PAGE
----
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Customer knowledge databases

Customer Knowledge is a generic term for information about the customer. It includes transaction data, browsing histories, CRM and sales systems, and customer service records. It can also include linking social media, external data and modelling and analytic scoring. A database for customer knowledge as a whole links all these elements together for both analysis, but also to present a single view of the customer to sales or service staff.

Information pools will be a mix of tight and loose data - some data in a well-defined and controlled format and others more ad-hoc freeform. Combining the two requires good relational and non-relational database tools to sift and blend the different data sources.

Customer databases can be discussed in two parts. Web, or cloud based businesses where most customer data is pooled and linked across systems, and more traditional businesses, particularly in B2B markets where a single account may have several contacts, several addresses and information will be spread across a number of operational and transaction databases.

Even in web-based businesses, a single pooled database is uncommon. For operational reasons, data will be split across different systems. So, for instance, log and visit journey data will be held separately from log-in and account data, and chat and service records are often separate again. Consequently, a level of data blending will be required to build a picture of an individual, or to develop machine learning algorithms.

As such a customer database has to be much more flexible than at traditional transaction based database, though it must also have connections into the transaction databases to process orders, product supply and invoicing. And for those in a B2B world, the database needs to be flexible enough to support complex business relationships where there are potentially multiple contacts, multiple customer sites, and groups and networks of businesses.

The ideal of a customer knowledge database is not just about pooling existing data sources. Ideally it also allows information to be captured by field staff to allow notes and information to be shared by sales and non-sales teams. This means that access is most easily managed with a web-based interface with appropriate access control.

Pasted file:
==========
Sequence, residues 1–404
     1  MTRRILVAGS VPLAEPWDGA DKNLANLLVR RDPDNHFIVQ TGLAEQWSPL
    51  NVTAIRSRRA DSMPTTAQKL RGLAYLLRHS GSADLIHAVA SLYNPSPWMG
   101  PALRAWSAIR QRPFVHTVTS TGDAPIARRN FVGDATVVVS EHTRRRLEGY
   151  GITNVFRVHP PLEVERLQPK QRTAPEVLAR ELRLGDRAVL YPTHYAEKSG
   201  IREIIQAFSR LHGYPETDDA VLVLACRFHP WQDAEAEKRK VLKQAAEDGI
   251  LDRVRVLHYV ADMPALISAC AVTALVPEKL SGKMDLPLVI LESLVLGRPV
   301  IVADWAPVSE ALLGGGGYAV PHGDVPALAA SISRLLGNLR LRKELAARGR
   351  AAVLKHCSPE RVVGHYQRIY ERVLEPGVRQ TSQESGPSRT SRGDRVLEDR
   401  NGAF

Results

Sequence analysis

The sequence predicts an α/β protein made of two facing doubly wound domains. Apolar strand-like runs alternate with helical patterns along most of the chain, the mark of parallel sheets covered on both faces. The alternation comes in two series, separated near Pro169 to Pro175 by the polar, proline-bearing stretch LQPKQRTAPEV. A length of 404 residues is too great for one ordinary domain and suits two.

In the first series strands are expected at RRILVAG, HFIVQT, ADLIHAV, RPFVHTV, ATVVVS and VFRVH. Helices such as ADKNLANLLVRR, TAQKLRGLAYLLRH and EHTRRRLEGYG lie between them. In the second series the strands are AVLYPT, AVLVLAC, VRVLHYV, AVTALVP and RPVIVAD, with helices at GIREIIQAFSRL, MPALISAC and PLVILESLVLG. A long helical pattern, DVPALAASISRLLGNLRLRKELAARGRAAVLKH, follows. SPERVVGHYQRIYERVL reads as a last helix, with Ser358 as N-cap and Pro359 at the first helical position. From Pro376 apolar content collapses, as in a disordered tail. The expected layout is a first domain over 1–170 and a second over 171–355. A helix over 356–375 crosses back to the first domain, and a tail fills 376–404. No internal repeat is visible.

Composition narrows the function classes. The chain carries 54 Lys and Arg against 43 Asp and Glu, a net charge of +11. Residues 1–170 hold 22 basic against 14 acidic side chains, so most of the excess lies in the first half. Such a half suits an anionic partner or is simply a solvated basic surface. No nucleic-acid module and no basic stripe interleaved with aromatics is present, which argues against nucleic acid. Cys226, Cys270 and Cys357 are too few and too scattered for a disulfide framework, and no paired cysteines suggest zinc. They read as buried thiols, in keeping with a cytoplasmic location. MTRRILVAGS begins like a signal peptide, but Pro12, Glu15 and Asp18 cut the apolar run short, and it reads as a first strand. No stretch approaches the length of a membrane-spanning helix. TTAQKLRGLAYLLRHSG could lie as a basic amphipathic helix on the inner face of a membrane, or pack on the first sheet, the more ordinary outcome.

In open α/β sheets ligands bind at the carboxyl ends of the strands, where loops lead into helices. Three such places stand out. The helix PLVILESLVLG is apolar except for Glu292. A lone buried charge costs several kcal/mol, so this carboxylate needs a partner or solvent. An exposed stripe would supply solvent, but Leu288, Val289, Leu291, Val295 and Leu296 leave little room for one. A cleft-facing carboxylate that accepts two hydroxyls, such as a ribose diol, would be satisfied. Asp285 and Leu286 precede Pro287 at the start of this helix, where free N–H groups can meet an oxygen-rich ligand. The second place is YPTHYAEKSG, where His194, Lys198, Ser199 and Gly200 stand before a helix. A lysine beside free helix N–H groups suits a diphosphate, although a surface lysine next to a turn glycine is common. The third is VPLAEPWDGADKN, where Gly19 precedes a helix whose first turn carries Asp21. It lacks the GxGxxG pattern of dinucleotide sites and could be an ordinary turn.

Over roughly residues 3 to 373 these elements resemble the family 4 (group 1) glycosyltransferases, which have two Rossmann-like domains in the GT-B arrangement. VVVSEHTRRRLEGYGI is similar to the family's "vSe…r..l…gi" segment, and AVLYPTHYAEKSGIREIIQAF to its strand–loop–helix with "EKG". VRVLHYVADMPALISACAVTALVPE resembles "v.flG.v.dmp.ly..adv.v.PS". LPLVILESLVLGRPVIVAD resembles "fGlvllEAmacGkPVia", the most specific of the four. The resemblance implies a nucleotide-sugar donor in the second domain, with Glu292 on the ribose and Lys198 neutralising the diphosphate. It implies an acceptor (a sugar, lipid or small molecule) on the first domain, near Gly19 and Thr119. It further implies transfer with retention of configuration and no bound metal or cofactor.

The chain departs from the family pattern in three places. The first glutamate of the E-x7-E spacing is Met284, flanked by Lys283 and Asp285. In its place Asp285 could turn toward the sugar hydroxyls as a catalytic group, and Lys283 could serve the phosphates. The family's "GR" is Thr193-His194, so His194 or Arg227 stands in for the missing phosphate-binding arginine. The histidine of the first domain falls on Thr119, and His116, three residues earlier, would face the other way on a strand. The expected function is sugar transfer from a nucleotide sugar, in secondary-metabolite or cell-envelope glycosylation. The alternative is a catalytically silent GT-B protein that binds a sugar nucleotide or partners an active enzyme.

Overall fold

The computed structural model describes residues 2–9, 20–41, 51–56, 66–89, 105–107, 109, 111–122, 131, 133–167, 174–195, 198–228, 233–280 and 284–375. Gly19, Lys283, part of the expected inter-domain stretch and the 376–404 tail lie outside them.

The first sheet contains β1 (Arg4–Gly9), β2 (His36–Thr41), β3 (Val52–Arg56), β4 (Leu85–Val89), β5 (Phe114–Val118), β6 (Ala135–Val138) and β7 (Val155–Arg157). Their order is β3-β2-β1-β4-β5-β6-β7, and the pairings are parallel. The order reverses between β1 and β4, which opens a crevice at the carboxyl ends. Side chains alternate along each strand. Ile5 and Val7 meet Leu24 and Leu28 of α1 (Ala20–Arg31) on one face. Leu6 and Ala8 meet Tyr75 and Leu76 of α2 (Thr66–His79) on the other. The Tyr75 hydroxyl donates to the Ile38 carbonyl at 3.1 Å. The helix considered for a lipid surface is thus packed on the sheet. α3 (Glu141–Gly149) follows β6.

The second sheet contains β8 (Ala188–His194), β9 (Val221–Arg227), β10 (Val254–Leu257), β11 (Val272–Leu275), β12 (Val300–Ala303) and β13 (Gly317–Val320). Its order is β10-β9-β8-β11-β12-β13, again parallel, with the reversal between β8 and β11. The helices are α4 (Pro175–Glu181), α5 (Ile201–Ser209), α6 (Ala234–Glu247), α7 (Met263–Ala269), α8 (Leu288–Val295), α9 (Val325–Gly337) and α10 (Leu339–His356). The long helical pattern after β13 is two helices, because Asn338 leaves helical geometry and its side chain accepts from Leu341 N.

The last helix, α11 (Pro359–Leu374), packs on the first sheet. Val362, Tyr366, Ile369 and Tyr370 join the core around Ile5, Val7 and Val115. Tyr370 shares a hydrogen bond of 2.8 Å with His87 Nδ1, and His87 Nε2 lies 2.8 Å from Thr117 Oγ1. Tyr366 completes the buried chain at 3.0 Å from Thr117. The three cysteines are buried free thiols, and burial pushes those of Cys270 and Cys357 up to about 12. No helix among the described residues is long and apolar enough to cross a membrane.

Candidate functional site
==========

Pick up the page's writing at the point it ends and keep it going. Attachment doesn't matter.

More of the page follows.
As the data requirements move and change and flexibility is required, a customer knowledge database has to be open to change and to a wide variety of data types and formats without the tightness of a standard relational database. At the heart of a ck-database is often a more loosely defined key-value or noSQL database that can grow over time, but that allows for structures and standards to be applied to the data.

For one-off projects, scaffolding a fast lightweight database structure, that can be addressed by search-engine software may be sufficient. Or to use simple structures that can be coded and queried for statistical analysis, or machine learning. However, for longer term use, systems are needed to pull snapshots for analysis, and to provide feed information for customer dashboards. Designing data structures and APIs can help standardise and systematise the different data types.

For instance, data collected into the database also needs to feed into sales and marketing planning software for instance in order to set appointments, schedule follow up calls, or use event-triggered marketing to return and recontact the customer. CRM solutions such as allow for external connectors to legacy systems, and to bring in data from systems like SAP or Oracle.

Analysts will need to be able to pull off data in bulk, run queries and extract data for modelling or deeper analysis and then reapply the data as flags, classification and scores back to the main database. Design of the customer knowledge system therefore requires thought and planning.

Formally modeling the data that you have, how it links and then drawing out the front-end uses that are needed from the data is the first step in developing a customer knowledge system. From this appropriate software tools can be used to query, integrate and visualise the data relationships.

For help and advice on building customer, competitor or marketing knowledge systems such as our Cxoice Insights Platform contact

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